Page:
Abstract: Effects of Lifetime Adversities on Family Functioning in a National Sample of Latinx Immigrants (Society for Prevention Research 27th Annual Meeting)

359 Effects of Lifetime Adversities on Family Functioning in a National Sample of Latinx Immigrants

Thursday, May 30, 2019
Garden Room A (Hyatt Regency San Francisco)
* noted as presenting author
Daniel Cooper, MA, PhD Candidate, University of Minnesota-Twin Cities, Minneapolis, MN
Introduction: The purpose of this study was to examine the influence of risk and resilience processes on family cohesion among Latinx immigrants. are disproportionally exposed to lifetime adversities, including traumatic events, violence, or discrimination (Degges-White et al., 2014). These types of stressors can have a cumulative effect on individual and family functioning, increasing the risk of developing mental health problems (Myers et al., 2015). Understanding family risk and protective factors is necessary for promoting immigrants’ health and resilience to lifetime adversities. However, the exact nature of the compound effects of multiple stressors on mental health has produced conflicting results. As the largest immigrant group, there is an urgent need to examine the effects of lifetime adversities on Latinx immigrants.

The central hypothesis was that the effects of childhood trauma exposure on family functioning would differ based on several risk and protective factors, including acculturation stress, discrimination, social support, and ethnic identity. This hypothesis was formed based on past research suggesting that risk and protective factors may vary across and within cultural groups (e.g., Marshall et al., 2009; Rivera et al., 2008). To test my central hypothesis, I completed the following specific aims: (a) determine the effects of lifetimes adversities on Latinx family functioning, (b) identify risk and protective factors associated with Latinx immigrant family functioning, and (c) assess differences in risk and protective factors among Latinx subgroups (e.g., Mexican, Puerto Rican, Cuban).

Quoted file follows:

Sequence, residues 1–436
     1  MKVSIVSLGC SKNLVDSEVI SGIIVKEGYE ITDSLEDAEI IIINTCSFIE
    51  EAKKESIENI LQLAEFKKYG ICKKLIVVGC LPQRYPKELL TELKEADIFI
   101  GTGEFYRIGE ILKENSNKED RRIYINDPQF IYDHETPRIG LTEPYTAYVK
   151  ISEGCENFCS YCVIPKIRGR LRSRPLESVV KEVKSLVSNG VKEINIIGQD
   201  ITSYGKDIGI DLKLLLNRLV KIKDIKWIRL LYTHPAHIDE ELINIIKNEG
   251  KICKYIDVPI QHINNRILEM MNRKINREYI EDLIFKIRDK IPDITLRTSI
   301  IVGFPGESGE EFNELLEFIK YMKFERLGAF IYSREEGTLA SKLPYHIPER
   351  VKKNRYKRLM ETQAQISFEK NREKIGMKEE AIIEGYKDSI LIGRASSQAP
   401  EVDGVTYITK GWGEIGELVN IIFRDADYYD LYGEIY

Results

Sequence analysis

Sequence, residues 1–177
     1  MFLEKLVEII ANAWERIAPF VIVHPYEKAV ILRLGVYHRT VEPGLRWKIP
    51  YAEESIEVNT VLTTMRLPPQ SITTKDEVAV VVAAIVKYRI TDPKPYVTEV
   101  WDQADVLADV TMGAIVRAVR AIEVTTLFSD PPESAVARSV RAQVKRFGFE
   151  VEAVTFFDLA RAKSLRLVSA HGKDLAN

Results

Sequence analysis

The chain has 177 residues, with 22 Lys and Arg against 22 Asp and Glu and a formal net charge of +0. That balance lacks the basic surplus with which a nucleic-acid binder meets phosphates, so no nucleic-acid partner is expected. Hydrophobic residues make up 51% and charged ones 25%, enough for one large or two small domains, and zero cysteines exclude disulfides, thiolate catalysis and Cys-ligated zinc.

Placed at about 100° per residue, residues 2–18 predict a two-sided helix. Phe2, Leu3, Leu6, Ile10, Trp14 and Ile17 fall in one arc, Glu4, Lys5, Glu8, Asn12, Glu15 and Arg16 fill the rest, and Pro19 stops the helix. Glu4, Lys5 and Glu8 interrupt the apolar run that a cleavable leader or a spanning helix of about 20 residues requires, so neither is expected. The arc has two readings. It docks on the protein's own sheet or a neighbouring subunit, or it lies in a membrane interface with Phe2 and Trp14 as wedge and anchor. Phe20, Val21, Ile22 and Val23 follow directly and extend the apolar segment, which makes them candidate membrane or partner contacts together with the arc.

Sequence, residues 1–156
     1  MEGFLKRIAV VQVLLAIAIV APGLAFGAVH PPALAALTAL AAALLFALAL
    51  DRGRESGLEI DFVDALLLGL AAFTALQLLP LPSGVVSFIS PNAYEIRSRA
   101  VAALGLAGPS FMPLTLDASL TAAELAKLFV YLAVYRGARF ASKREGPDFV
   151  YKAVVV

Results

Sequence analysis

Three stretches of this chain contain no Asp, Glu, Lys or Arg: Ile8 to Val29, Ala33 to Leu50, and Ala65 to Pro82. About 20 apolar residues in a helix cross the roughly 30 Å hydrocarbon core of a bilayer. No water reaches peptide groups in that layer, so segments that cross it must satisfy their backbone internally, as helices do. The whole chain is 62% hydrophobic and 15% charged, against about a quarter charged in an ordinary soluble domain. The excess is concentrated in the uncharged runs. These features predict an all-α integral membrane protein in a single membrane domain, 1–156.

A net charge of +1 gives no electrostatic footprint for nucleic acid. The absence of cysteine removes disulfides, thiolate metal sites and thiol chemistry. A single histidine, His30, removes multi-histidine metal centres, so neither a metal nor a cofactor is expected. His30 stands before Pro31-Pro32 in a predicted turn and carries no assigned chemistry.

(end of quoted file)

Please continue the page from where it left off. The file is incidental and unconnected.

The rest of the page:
Methods: For this study, I used the Hispanic Community Health Survey/Study of Latinos (HCHS/SOL), secondary dataset, conducted from 2009-2011 (Gallo et al., 2014). This study used a household probability sampling procedure to identify potential participants in four of the largest Latinx metropolitan areas including the Bronx, Chicago, Miami, and San Diego. Participants (N = 3,642) included immigrants aged 18-74 from various Latin American countries, such as Mexico, Cuba, and Puerto Rico.

Results: To test my hypothesis, I used structural equation modeling. The model fit the data well. I found that (a) higher levels of lifetime adversities, discrimination, and acculturation stress were linked with worse family cohesion, (b) greater ethnic identity and social support were linked with better family cohesion, and (c) social support moderated the relationship between lifetime adversities and family cohesion. These findings varied based on Latinx subgroup membership.

Conclusion: Findings can help program developers tailor preventive interventions to meet the needs of immigrant populations across different levels of risk. These findings may also have implications for the greater field of prevention science by providing strategies for assessing within-group differences in resilience to support individualized, targeted approaches to mental health.